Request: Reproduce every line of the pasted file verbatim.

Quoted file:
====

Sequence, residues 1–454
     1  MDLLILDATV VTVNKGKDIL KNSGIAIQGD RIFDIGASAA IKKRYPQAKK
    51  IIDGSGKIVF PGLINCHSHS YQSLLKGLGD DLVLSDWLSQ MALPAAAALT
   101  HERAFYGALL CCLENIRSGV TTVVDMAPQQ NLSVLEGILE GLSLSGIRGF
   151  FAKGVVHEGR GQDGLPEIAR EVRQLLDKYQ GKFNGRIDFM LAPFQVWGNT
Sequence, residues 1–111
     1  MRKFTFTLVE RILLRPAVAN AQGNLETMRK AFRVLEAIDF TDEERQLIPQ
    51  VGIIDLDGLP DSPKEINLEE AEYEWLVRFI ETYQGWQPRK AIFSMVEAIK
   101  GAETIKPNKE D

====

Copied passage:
Sequence, residues 1–454
     1  MDLLILDATV VTVNKGKDIL KNSGIAIQGD RIFDIGASAA IKKRYPQAKK
    51  IIDGSGKIVF PGLINCHSHS YQSLLKGLGD DLVLSDWLSQ MALPAAAALT
   101  HERAFYGALL CCLENIRSGV TTVVDMAPQQ NLSVLEGILE GLSLSGIRGF
   151  FAKGVVHEGR GQDGLPEIAR EVRQLLDKYQ GKFNGRIDFM LAPFQVWGNT
Sequence, residues 1–111
     1  MRKFTFTLVE RILLRPAVAN AQGNLETMRK AFRVLEAIDF TDEERQLIPQ
    51  VGIIDLDGLP DSPKEINLEE AEYEWLVRFI ETYQGWQPRK AIFSMVEAIK
   101  GAETIKPNKE D